Are New Year’s resolutions worth the hassle or will you join the resolutionaries? Follow these helpful thoughts to get you through the New Year with pride.
1. a person who advocates or engages in good intentions for the new year but doesn’t have the follow through to last the year.
A few years back, a few friends and I noticed our gym get significantly more crowded in January, only for it to drop off, for the most part, around February. “Resolutionaries”, I dubbed those that did not stick around, knowing it was a New Year’s resolution that likely prompted their sudden penchant for Tabata or Zumba classes and my new inability to get the elliptical I liked. To be clear, I’m not expressing disdain for those who want to make changes in their lives; rather, I simply think that making those changes as New Year’s resolutions sets most people up for failure. Resolutions get broken, forgotten, swept under the rug by February.
Years ago, I came up with my own alternative to New Year’s resolutions. Instead of making a list of things I want to change or new habits I want to develop, I start the year the way I want to spend it. Every year, I pay my credit card and bookstore accounts down to zero, so I start the year as free of debt as I can be. (However, my mortgage for instance, is not going to be paid to zero unless a random lottery ticket works out.) One year, I went to Hawaii to express that I wanted to spend the year travelling. For a number of years, I’ve spent the evening with one of my closest friends (and her husband, when he’s not at camp), watching the fireworks from her window while sipping Prosecco, then watching movies while she grumped about being awake until midnight, at which point we’d start the year dancing.
This year, since my friend and her husband were travelling and our midnight dance tradition was on hold, I thought long and hard about how I wanted to spend my first minutes of 2017. Suffice it to say that 2016, for me at least, needed banishing into the ether with the psychic blows we’d suffered with Brexit, America’s election of a vocal racist, misogynist fascist infant as their president, and the loss of several beloved celebrities such as David Bowie, Prince, George Michael, Debbie Reynolds, and Carrie Fisher, who “drowned in moonlight, strangled by her own bra”. To those that might scoff at a claim to feeling pain at someone who was not known personally to us, it is not their fame we are mourning. We are mourning what they meant to us, what they represented. Carrie Fisher, to me, was not Princess Leia in a bikini, but instead a brilliant writer who did not suffer bullshit and an advocate for those suffering mental illness. These people were revolutionaries for the LGBT+ communities, for sex positivity, for body positivity, for so much more.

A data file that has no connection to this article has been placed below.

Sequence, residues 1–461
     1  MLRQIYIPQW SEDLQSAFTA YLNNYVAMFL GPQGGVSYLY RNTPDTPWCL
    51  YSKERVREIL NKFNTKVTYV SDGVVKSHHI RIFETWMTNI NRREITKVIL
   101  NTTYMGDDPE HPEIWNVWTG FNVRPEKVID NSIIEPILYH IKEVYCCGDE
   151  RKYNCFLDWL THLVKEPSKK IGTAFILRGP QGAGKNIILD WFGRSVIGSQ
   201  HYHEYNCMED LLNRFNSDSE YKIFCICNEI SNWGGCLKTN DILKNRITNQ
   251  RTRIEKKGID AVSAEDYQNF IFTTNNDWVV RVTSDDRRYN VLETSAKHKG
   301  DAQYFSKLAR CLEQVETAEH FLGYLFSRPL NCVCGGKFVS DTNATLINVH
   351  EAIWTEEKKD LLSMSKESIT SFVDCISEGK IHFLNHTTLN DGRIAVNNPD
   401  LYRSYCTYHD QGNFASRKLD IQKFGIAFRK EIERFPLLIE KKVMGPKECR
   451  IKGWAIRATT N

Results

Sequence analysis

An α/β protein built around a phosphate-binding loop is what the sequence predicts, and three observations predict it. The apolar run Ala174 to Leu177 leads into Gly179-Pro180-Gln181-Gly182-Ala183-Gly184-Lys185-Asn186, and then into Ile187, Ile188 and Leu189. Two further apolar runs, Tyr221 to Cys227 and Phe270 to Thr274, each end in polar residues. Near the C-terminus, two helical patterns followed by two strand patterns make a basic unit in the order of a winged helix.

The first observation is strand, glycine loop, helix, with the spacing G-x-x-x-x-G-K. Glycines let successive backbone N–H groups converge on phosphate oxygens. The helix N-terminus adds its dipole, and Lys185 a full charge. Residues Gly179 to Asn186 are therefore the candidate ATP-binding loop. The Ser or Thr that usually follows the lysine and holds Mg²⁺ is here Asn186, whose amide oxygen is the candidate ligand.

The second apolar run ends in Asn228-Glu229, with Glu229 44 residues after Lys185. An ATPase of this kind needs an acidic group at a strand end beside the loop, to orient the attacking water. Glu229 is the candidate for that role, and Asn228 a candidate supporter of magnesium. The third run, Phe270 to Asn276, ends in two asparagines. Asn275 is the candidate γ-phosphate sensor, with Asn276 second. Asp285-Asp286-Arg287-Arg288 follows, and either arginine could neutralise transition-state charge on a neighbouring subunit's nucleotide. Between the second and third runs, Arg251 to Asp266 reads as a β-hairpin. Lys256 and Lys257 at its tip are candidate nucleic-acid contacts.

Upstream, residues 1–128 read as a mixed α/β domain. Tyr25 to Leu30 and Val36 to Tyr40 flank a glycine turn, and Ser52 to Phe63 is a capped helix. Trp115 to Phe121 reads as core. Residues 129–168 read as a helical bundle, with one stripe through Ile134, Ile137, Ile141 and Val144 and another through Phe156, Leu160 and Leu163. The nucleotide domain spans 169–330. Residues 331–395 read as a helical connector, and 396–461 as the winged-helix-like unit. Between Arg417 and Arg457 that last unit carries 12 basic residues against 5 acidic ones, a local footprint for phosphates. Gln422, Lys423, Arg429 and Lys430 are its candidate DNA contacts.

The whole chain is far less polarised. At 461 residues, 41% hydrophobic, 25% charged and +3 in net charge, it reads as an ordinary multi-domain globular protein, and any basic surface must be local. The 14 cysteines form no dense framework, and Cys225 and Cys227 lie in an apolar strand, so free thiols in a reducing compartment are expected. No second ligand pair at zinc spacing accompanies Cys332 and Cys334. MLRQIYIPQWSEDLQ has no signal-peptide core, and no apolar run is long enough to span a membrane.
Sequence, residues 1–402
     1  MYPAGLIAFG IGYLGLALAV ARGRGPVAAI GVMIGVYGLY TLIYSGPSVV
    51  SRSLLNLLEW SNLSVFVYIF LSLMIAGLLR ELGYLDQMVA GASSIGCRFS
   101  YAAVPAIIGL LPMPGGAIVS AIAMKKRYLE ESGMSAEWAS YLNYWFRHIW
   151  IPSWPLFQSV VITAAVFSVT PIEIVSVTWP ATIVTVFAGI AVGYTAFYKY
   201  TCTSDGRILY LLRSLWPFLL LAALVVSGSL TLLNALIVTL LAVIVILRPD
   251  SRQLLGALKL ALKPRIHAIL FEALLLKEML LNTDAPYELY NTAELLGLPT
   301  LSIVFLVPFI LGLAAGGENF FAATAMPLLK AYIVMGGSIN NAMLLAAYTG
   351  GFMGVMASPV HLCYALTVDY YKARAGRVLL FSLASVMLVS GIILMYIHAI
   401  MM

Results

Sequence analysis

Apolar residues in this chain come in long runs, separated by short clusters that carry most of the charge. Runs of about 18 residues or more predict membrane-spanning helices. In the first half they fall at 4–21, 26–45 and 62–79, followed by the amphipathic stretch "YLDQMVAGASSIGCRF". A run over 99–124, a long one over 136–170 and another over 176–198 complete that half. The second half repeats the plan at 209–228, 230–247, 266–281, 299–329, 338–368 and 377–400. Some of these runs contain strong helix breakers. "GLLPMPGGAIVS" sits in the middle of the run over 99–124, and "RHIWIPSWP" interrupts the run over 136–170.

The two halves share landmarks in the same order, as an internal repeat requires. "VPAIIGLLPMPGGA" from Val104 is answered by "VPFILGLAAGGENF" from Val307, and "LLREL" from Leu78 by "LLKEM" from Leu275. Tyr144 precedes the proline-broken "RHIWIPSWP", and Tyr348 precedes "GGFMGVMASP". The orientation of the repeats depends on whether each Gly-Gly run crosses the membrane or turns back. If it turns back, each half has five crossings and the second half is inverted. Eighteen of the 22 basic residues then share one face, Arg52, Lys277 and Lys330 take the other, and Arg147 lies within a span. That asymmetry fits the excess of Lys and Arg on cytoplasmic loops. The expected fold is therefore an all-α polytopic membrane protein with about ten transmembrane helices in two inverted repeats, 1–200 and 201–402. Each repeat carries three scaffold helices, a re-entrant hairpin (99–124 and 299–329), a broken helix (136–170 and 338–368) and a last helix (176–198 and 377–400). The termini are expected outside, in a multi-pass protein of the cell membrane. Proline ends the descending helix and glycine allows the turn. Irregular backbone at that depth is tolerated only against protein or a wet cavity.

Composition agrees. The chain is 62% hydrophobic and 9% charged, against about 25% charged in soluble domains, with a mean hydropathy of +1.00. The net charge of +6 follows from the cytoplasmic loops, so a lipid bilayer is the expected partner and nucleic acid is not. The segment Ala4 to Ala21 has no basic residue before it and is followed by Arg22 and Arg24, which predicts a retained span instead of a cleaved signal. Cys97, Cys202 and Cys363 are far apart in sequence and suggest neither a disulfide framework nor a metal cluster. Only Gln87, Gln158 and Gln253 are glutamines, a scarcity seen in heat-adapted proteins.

In the coming years, we will need revolutionaries more than ever. We will need to unite against tyranny, to refuse to let the mainstream media normalize Trump and the Neo-Nazis who are actively trying to rebrand themselves as the “alt-right”. (Not on our watch.) We will need to unite against the sneaky bills that attack the poor rather than try to address poverty. (Not on our watch.) We will need to unite against racism and sexism and all the “isms” that they will try to usher in on January 20th. (Not on our watch.) We will need to take up the mantles of the Carrie Fishers, David Bowies, George Michaels, and all those that came before.
I started the year writing, helping out a friend, and helping out a stranger. I started the year expressing my love to those with whom I’m closest. I started the year with kindness, but also with vigilance. I started this year wide awake. This coming year will need those things from me, from us all. Stay safe out there. And happy New Year.
Have you found a way to avoid becoming one of the many “resolutionaries”? How will you spend your time in January?
1. people who advocate or engage in good intentions for the new year but don’t have the follow through to last the year. Usually quitting before the end of 3 months.
“I couldn’t find a free treadmill, the place was overflowing with hopeful resolutionaries.”
*Feature photo by Clem Onojeghuo.